With word that political consultant Steve Waters, who played an instrumental role in Del. Bob Marshall’s 2008 Senate bid, is joining the George Allen campaign, it would appear, as Jim Hoeft writes, that Allen is “taking [social conservatives’] support very seriously.” Virginia Republicans have long had to take heed of social conservatives. But do national Republicans still have to do the same?
That’s a question we asked Victoria Cobb, president of Virginia’s leading social conservative group, The Family Foundation. My colleague Scott Lee spoke with Cobb about the “truce” idea broached by, among others, Indiana Gov. Mitch Daniels. The general concept: put those divisive social issues aside and let’s focus on the economy.
Cobb, referring to the Reagan-model that melded social, fiscal and national defense conservatives into a winning coalition in the 1980s, said “there’s no way that someone can call a truce on social issues, try to put those on the backburner, and still expect to be somebody headed into higher office.”
And that doesn’t apply only to presidential aspirants. “It should be very reasonable for voters to expect governors, or in the case of the upcoming election, senators, to be able to multitask,” Cobb said – meaning that we should expect any serious campaign for these and other offices to have positions on social issues, just as they do on energy, education, federal spending and much more.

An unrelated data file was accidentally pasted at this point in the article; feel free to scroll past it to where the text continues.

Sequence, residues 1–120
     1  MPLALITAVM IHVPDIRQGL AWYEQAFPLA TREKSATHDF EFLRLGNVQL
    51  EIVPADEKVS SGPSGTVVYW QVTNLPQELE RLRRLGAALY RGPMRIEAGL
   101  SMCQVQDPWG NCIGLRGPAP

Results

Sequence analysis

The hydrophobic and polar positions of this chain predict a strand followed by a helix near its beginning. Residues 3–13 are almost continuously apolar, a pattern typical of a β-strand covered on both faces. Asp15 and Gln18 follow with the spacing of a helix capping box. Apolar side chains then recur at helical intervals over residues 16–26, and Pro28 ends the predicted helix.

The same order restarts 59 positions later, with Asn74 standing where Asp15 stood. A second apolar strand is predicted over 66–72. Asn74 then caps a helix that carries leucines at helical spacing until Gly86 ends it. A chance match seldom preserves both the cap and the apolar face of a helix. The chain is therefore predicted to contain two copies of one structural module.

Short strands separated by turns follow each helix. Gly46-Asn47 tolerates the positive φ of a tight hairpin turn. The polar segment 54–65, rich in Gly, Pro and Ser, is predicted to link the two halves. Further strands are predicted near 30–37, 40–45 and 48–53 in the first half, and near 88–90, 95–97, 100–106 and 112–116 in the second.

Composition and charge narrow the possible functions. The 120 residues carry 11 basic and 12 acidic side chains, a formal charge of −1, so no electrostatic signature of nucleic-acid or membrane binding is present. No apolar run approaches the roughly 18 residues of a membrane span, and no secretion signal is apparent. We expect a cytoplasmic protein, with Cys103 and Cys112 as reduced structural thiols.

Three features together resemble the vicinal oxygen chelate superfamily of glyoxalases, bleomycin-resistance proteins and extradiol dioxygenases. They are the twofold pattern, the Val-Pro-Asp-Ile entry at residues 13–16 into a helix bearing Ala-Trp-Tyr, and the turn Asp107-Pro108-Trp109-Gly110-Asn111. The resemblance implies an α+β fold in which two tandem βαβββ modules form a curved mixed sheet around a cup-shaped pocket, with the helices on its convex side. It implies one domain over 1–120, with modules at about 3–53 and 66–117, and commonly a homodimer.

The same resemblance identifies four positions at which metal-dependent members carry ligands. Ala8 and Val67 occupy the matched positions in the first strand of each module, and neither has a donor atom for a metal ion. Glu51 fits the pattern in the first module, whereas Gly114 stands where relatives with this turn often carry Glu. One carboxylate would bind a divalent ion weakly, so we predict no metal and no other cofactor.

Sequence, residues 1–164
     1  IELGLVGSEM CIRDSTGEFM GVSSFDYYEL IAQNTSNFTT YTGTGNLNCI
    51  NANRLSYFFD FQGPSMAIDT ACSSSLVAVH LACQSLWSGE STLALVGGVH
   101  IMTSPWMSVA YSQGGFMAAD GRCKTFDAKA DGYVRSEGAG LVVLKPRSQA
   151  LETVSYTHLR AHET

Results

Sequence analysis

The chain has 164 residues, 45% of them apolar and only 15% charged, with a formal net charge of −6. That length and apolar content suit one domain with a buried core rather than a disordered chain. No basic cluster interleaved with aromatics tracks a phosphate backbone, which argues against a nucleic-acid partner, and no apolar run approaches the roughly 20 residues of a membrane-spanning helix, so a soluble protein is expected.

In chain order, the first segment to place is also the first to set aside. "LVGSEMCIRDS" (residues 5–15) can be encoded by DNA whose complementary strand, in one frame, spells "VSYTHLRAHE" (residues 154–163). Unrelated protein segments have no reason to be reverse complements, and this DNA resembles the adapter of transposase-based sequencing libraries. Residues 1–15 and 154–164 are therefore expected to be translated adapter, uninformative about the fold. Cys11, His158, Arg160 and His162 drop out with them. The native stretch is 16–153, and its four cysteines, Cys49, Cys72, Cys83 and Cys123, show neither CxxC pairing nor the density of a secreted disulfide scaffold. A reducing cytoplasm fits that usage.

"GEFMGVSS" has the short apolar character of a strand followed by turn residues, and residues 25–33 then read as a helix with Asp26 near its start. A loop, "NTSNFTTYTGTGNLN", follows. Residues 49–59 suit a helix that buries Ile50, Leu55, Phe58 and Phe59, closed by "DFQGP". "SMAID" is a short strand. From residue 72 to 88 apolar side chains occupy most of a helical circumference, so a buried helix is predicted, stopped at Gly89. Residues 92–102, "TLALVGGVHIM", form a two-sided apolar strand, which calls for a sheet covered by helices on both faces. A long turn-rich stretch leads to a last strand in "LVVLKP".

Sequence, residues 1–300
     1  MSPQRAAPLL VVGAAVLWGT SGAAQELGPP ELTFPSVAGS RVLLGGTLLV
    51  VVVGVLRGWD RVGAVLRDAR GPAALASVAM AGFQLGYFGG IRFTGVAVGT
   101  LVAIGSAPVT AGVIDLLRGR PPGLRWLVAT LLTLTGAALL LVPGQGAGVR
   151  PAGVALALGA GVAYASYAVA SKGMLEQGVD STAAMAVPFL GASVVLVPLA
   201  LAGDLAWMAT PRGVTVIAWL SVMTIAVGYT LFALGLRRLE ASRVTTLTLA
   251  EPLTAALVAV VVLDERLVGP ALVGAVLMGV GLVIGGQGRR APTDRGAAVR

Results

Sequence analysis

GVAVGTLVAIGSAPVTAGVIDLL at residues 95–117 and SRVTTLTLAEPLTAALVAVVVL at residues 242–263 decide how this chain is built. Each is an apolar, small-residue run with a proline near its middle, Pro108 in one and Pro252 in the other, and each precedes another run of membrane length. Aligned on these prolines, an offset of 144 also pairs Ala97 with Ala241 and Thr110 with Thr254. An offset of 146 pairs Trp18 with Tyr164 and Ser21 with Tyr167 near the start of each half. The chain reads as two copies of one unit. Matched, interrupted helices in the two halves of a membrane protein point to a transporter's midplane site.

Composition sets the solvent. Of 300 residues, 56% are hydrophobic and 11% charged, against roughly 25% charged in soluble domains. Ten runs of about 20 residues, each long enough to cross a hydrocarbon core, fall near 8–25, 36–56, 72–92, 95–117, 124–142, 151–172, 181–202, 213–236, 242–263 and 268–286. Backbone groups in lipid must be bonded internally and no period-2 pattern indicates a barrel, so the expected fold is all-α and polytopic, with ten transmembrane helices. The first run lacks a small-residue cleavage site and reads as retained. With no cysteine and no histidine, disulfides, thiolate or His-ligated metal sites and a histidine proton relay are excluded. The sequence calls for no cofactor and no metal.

“This call for a truce might sound cute,” she said, “but it is not going to advance you to higher office.”
Hence George Allen, who wants to win high office again, reaches out to social conservatives with one of their own…and for those keeping score at home, yes, Mr. Waters did work for The Family Foundation.
Later in the interview, Scott drew the comparison between social and fiscal issues – including not just taxes and spending, but property rights, too -- asking whether fiscal issues have at their core a moral dimension. Cobb strongly agreed, citing the death tax as a particularly odious example of an immoral government fiscal policy. Fiscal conservatives and libertarians would agree, not just on the death tax, but on taxes in general, property rights, the size, scope and role of government and much more.
Cobb went on to explain that in the current climate, fiscal issues are taking the lead, in part because they have exposed the great philosophical divide between candidates. But “in no way will social issues…go by the sidelines.”
That’s been the rule in Virginia politics for almost a generation and it is obvious George Allen is doing what he can to follow that rule.
The question is whether the national GOP will follow suit – or leave it to down-ticket candidates like (possibly) Allen to carry the social conservative message, while giving the presidential candidate room to, ever-so quietly, put those social issues on low heat.